What's TKD all about?

Tae Kwon-Do is a Korean martial art. It means ... tae (태, ) "to strike or break with the foot"; kwon (권, ) "to punch or smash with the fist"; and do (도, ) meaning "way of" --the method or practice of smahing with hands and breaking with feet. TKD is a hard form of martial arts, similar to Karate or Muay Thai kick-boxing, unlike soft styles such as Judo or T’ai-chi.

Beijing2008 TKD
Beijing 2008 Olympics --I was there! :)

The Five Tenets of Tae Kwon-Do are ... Courtesy, Integrity, Perseverance, Self-Control and Indomitable Spirit. These are part of the disicpline in TKD training. A TKD martial artist cannot grow their technical skills without also growing as a more caring and giving individual.

I'm in the4th column from the left, about 6 back


Tae Kwon-Do training consists of varied work-outs to improve strength, agility, speed and flexibility for all parts of the body and mind. There are kicking drills, punching drills, combo drills, forms, sparring, and more. All of these are designed to help an individual both improve their physical performance level and discipline their thinking. Eventually, the training serves to install muscle memory, where a student no longer needs to *think* about what movements to make and in what order. Their mind and body automatically know. It becomes instinctual.



Tae Kwon-Do sparring is very physically demanding. Unlike Karate point fighintg, TKD sparring continues without interruption for an entire round with a short break between rounds of each match, similar to boxing. The judging standards are very rigid. To score a point, one competitor must strike a blow using a kick or punch so hard as to cause a noticeable disruption to their opponent. Just making contact is not sufficient. This makes Tae Kwon-Do the only martial art style in the Olympics to use full-contact fighting. Some TKD schools also train students in point fighting, where a round is intrrupted each time a competitor makes solid contact with a technique. In the case of extremely hard techniques, like a spinning kick to the head, only an obvious *show* of the technique needs to be executed. This allows a point to be awarded without actual contact being made.


Forms are an execution of martial arts movement in a defined pattern. The practice of forms helps a student improve and strengthen his techniques. TKD forms represent a series of movements against imaginary opponents, therefore blocks, kicks, punches, etc. should all be done as though actually defending against another fighter. While some martial artists argue forms are unnecessary, since it is not uncommon for a competitor to be an excellent fighter yet not excell at forms or vice versa, the practice of forms unquestionably helps a student understand how to apply the technqiues properly and improve their skill. Forms are obviously a tradition in nearly all martial arts. Being able to demonstrate proficiency and confidence in forms truely reveals a student's proficiency and confidence with his style of martial art, since martial arts is much more than sparring.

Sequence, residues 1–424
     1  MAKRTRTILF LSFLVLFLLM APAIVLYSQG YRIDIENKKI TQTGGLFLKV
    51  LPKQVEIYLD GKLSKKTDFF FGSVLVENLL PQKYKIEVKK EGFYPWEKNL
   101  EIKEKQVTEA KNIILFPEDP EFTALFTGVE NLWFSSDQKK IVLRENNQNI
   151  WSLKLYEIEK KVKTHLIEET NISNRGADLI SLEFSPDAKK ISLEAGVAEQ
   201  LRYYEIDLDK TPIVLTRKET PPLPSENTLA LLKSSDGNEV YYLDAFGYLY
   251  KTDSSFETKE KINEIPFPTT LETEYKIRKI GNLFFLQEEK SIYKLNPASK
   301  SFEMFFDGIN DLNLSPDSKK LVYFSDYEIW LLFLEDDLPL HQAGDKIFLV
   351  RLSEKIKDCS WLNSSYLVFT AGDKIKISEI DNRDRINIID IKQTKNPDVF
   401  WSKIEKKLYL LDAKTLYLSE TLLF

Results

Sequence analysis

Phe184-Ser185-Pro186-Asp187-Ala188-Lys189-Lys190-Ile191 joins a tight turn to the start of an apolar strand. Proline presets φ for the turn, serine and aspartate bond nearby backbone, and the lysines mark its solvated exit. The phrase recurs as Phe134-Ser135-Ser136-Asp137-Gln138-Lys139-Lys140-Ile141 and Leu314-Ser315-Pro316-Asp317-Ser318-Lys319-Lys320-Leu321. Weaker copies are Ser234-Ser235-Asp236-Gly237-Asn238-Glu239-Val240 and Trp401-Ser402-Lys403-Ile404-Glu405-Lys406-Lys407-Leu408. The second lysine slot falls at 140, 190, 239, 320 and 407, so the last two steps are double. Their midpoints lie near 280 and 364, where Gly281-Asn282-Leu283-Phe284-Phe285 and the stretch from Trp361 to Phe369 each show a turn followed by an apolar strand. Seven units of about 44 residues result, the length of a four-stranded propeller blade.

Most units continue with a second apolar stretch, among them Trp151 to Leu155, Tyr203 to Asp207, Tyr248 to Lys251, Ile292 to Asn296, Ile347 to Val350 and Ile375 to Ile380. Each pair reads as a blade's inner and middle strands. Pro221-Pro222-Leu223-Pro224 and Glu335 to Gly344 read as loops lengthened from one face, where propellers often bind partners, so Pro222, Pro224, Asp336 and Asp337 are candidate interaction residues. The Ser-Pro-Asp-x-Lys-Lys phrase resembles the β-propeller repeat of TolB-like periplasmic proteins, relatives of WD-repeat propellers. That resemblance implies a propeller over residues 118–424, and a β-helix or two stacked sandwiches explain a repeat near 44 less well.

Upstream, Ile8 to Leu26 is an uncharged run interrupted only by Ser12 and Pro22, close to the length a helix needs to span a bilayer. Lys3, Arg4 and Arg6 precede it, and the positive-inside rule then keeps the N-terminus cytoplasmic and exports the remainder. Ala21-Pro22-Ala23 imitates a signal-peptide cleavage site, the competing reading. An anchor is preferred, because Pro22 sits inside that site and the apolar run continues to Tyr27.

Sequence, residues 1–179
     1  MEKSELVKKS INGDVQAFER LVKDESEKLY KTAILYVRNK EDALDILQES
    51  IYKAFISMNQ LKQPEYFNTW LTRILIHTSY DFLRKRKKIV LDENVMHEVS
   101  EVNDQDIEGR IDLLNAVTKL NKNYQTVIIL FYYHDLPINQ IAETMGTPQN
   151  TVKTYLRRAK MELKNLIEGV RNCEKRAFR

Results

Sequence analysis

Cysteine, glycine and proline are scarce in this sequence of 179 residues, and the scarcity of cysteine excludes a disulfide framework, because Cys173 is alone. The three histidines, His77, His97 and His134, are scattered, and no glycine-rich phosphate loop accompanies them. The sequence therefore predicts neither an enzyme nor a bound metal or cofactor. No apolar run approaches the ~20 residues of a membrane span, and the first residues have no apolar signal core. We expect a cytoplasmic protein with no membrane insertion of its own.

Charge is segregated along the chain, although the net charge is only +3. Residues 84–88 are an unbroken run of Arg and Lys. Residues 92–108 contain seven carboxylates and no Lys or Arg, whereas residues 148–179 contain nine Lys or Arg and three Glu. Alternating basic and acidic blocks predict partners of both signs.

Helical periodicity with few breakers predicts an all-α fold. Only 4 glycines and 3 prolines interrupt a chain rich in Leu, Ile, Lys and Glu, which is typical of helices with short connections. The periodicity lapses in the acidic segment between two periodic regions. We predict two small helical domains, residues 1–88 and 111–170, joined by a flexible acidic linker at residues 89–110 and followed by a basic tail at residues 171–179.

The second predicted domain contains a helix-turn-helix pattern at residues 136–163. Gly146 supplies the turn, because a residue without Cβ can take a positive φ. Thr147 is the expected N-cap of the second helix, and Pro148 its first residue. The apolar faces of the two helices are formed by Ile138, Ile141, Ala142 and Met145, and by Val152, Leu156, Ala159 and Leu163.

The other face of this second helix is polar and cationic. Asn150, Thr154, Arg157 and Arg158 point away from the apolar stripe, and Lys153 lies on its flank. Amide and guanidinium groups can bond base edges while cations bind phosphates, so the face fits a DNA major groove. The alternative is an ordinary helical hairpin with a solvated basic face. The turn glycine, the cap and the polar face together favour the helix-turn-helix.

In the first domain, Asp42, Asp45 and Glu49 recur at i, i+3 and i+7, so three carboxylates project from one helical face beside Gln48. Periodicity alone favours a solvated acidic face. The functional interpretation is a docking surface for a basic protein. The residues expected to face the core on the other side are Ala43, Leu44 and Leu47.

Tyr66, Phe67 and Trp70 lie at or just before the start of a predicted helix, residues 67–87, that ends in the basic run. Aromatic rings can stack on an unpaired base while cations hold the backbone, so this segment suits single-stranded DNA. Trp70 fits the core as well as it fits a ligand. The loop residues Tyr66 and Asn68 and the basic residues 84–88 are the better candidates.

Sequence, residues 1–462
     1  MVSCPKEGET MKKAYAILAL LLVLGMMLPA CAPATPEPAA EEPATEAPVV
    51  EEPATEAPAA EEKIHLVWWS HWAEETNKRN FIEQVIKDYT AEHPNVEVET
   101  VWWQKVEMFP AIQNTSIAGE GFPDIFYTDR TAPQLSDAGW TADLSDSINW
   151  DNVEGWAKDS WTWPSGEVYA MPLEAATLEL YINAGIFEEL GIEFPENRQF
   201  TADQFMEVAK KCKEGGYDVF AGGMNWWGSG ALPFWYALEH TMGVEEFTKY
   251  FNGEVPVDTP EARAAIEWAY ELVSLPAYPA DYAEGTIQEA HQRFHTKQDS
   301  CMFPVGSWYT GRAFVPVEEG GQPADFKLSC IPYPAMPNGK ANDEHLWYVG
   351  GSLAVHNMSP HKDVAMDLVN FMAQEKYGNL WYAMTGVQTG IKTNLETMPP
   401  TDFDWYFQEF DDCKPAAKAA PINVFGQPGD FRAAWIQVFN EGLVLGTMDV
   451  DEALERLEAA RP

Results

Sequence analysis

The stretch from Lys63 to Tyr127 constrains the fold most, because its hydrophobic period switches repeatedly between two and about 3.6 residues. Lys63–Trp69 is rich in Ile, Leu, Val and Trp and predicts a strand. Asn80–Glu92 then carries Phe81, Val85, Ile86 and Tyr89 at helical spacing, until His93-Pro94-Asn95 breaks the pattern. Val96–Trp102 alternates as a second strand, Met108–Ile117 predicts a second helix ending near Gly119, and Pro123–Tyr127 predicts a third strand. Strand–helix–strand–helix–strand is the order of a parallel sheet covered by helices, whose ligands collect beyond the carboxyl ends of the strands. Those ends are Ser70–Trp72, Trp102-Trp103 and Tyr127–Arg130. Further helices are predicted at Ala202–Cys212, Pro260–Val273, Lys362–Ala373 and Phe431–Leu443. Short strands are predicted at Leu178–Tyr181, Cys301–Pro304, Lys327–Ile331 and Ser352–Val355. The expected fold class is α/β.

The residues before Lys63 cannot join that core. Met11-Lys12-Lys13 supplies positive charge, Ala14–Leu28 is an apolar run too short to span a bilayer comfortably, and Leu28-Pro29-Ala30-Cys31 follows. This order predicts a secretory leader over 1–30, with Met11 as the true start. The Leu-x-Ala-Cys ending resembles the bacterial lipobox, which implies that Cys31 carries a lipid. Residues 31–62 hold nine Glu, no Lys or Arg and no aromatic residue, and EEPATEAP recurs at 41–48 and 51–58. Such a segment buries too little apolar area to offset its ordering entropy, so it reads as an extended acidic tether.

Grand Masters from Korea, hosts of Special Dan Test in 2009

I received my 3rd Dan Black Belt from this seminar and Special Test 

Self-defense and MMA

The natural extension of training, sparring and forms is self-defense. While a person who has focus on one of more of the above can likely defends themselves against an attack, additional techniques and movements are learned and applied to help insure the success of being able to defend ones self. Additional training techniques involve escapes from chokes, bear hugs, head-locks, and so on. Muay Thai kick-boxing helps to defend against unarmed attackers, while Brazilian Jujitsu grappling is used for defense when an attack results in fighting on the ground. Israeli Military Krav-Maga techniques are applied to situations involving a weapon, such as a club, knife or gun.

Gifts from Master Pina upon receiving my 2nd, 3rd and 4th Dan ranks

Boston TKD Academy

Visit www.bostobtkd.net to learn more about Boston Tae Kwon-Do Academy